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John Calipari previews Vanderbilt, praises Skal, stresses improvements and more

Gunnar Rathbun-USA TODAY Sports

After an impressive win at Arkansas, the Kentucky Wildcats will have a quick turnaround as a red-hot Vanderbilt squad comes to Rupp Arena Saturday.

The Commodores have won three-straight games after a 8-7 start had many wondering if they would even make the NIT. Now, the Dores are finding their groove and hitting on all cylinders they get set to face a UK team also starting to find its groove.

The Cats are coming off an impressive 80-66 win over a Razorbacks program that's had UK's number in Bud Walton Arena. As impressive as it was though, Vandy's 88-74 win at Tennessee was even more dominating as the Dores led by as many a 30 points in Thompson-Boling Arena.

Needless to say, John Calipari knows his Cats have their work cut out for them Saturday, and here's a recap of what he had to say during Friday's meeting with the media.

On Vanderbilt:
"(They're) really good. Really good. Run great stuff. Really can shoot the 3. The biggest team we've played. I mean, they're huge. Their man is better than you think. Their zone, they'll play a zone and space it out. That zone has given us trouble in the past. A really hard game for us. I'm glad we played like we did (at Arkansas) because we have a little confidence. If we didn't have a little confidence going into this game, whew. Because they're good. There' good. I mean, Texas A&M, Vandy are probably - LSU may be in that range - but I think Texas A&M and Vandy, they're both teams (at the top of our league). Vandy, you have to understand, their record is what it is because the big kid (Luke Kornet) was hurt. Now that he's healthy they're probably 9-2 with him - you know, 8-1 with him. They've lost games without him."

On UK playing well at Arkansas:
"Well, yeah, I expect that we win every game going into the game. Knowing that that's a hard place to play (at Arkansas), I could see that we could get beat down there. Derek Willis did what he did in practice for two days. Some other guys did too. Charles Matthews earned his rotation spot back in two scrimmages.

"Skal (Labissiere) was the best of those bigs - it wasn't even close - and then he played that way. The good news is we start our guards were 3 for 20 and we hung around. When your guards are 3 for 20, it's hard. I mean, that you can stay in a game. But, then at the end they're the ones who carried us home. This team is interconnected, and I keep telling you that. They're all connected to one another."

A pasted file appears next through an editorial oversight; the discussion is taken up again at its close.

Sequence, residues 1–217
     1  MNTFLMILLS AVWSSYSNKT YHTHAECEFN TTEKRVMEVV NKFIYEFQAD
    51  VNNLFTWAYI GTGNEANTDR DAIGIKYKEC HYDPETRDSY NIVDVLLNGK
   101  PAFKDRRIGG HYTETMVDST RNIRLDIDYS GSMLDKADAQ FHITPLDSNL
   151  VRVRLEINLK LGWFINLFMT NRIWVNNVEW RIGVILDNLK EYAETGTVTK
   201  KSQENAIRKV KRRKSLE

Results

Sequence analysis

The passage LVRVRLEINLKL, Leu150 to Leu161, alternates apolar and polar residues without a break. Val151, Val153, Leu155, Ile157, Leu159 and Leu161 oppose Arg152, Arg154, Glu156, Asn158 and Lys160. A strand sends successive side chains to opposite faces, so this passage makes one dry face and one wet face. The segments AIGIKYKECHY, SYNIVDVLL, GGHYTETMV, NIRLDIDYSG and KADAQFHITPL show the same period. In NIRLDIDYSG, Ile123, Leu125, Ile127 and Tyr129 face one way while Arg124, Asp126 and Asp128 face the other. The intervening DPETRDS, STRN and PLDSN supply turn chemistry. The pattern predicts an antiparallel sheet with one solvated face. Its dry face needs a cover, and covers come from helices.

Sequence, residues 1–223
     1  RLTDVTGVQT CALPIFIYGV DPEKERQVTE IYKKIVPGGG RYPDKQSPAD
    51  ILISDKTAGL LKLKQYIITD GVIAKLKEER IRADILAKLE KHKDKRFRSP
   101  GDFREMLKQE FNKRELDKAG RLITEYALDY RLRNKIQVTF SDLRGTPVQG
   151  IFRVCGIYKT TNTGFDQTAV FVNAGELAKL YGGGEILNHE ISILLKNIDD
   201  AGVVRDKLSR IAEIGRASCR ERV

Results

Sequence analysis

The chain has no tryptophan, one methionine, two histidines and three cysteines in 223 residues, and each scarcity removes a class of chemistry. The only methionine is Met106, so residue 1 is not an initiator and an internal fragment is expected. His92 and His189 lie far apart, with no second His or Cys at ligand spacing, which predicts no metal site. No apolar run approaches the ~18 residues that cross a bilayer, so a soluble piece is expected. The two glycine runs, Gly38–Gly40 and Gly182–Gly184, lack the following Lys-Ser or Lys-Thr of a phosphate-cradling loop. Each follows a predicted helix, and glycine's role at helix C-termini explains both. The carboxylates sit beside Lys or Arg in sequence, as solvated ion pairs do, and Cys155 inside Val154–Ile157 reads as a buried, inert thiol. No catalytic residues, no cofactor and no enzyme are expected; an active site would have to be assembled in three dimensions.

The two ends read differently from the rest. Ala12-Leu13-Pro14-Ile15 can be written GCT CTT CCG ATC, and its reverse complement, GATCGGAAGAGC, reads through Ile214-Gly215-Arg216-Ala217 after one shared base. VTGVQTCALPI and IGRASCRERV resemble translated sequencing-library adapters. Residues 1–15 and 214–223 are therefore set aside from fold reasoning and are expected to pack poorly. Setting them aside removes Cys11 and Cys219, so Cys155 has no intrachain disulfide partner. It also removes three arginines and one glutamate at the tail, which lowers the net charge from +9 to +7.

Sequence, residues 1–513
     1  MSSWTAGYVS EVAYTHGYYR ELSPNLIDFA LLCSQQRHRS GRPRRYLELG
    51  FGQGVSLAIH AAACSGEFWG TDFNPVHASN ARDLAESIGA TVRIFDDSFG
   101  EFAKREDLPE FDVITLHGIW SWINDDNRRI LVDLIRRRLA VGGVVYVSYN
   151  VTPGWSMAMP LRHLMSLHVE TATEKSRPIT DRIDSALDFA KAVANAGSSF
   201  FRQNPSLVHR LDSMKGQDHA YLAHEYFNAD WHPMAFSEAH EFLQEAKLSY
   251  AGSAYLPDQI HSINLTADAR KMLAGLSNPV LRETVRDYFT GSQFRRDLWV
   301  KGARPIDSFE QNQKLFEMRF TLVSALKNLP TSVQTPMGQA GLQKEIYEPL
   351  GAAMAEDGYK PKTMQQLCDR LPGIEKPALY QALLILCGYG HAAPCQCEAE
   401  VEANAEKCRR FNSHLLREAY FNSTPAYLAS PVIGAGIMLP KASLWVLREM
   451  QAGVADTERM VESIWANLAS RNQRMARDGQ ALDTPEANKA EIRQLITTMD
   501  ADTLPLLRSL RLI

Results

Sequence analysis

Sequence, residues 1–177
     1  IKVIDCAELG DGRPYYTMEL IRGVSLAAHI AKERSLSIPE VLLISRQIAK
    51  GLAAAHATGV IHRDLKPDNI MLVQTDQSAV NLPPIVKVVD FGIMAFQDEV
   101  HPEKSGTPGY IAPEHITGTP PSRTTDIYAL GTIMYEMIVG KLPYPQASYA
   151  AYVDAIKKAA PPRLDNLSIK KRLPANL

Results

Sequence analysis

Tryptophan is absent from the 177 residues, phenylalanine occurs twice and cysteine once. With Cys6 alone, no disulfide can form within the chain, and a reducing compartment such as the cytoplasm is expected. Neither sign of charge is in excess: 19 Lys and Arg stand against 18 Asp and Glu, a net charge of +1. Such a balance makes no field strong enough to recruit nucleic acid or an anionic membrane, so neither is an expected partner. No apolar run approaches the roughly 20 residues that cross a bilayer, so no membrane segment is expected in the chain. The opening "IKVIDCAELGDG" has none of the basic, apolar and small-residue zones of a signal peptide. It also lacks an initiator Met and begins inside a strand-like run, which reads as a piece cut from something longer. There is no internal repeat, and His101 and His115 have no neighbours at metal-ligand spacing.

On Skal's progress:
"Oh yeah, he's building his own confidence. If it's me, ‘Yeah, you're OK.' He's like, ‘No, I'm not.' It doesn't matter what I say. It's what he's saying to himself. I think, again, I keep telling him, ‘You've got no pressure on you now. Anything you do now is like, ‘Oh, my gosh!' So just go play.' It was a good effort for him, but it also showed me how we need to probably play him a little more.

"He's probably more of a jump-shooting big man. I want him to be Karl(-Anthony Towns) and be the No. 1 pick, but he's a jump-shooting big man. Now, we're going to work on that other stuff. We're going to continue to try and help him there. Reality of it is the best part of his game is 15-foot shots and making some free throws."

On whether or not this team needed Skal to play like Karl-Anthony Towns:
"Both. Both for him and for us. Now, you think of this team, Alex (Poythress) started the game six points out of eight and three rebounds. And then that was it. But that start - think about if we're getting that from another guy and we could throw it when we needed to get a basket.  The team is different. So, that's why I had hoped it would have been Skal, but it's not going to be. So, it's gotta be somebody else."

On Skal's confidence:
"Well, the first shot he took, I looked and I went, ‘What?' And it went in and I said, ‘It better have gone in.' But I think it built his own confidence and he's gotta—he's got work to do. There's no question. He's gotta keep going, but he's worked in practice. He's trying. He played 20 minutes in that game. That's about the max right now he can play with the condition that he has. And he's working on it, but when he is tired he just stops.

"Like, can't catch a ball, can't rebound a ball, can't fight. He cannot be in the game tired. He's now learning: Just take myself out. Why fight it and look foolish and take away my own confidence. Just come out, which is what he did, in that game. He subbed himself two or three times. First time. The other times, you gotta sub him. You just gave up four rebounds, two dunks and lost two balls in the post. Can't be in.

"Now he's playing. I make a shot, I grab a rebound, I'm exhausted, get me out. Boom. Alright, you ready to go back? He's learning. My biggest thing for all these kids: You gotta lose yourself in the team. What does the team need you to do? What is your role on this team? And they're starting to get it."

On Marcus Lee's foul trouble:
"You gotta be in a stance. You gotta play the guy before he catches it. Most of it's you're in the wrong place because you're standing straight up and down and then you try and play him after he catches the ball. It's just how it is."

On Jamal Murray's shot selection
"The shots that he took in the first half were all good shots. The pull-up shot at the foul line was just not a winning play. We're up 18 and now all of a sudden let's get it 20, 25. But if you look at all these deficits or we have a big lead and it becomes like a close game, he's involved in a lot of those plays. That's what he's learning. That's why he's here. I put him in positions yesterday, some of them he did alright and others he reverted. He's learning. He's learning what it means to play winning basketball. I gotta teach and I gotta do a better job with him."

On Dominique Hawkins' status:
"Don't know. Haven't seen him yet this morning."

On Tai Wynyard: